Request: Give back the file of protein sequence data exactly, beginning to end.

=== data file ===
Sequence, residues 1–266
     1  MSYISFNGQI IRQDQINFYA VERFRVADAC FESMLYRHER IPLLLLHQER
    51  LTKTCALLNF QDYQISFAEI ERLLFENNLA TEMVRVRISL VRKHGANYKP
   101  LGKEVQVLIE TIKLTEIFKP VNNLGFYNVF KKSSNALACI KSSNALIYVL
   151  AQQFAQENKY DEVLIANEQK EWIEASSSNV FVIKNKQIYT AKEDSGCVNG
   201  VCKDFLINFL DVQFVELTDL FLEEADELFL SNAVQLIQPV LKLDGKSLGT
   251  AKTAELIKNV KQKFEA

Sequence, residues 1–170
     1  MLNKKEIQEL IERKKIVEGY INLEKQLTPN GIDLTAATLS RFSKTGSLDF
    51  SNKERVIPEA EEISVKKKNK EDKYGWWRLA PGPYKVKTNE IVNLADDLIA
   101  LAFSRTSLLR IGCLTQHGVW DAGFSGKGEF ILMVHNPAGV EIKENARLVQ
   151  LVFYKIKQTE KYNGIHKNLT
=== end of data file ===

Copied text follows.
Sequence, residues 1–266
     1  MSYISFNGQI IRQDQINFYA VERFRVADAC FESMLYRHER IPLLLLHQER
    51  LTKTCALLNF QDYQISFAEI ERLLFENNLA TEMVRVRISL VRKHGANYKP
   101  LGKEVQVLIE TIKLTEIFKP VNNLGFYNVF KKSSNALACI KSSNALIYVL
   151  AQQFAQENKY DEVLIANEQK EWIEASSSNV FVIKNKQIYT AKEDSGCVNG
   201  VCKDFLINFL DVQFVELTDL FLEEADELFL SNAVQLIQPV LKLDGKSLGT
   251  AKTAELIKNV KQKFEA

Sequence, residues 1–170
     1  MLNKKEIQEL IERKKIVEGY INLEKQLTPN GIDLTAATLS RFSKTGSLDF
    51  SNKERVIPEA EEISVKKKNK EDKYGWWRLA PGPYKVKTNE IVNLADDLIA
   101  LAFSRTSLLR IGCLTQHGVW DAGFSGKGEF ILMVHNPAGV EIKENARLVQ
   151  LVFYKIKQTE KYNGIHKNLT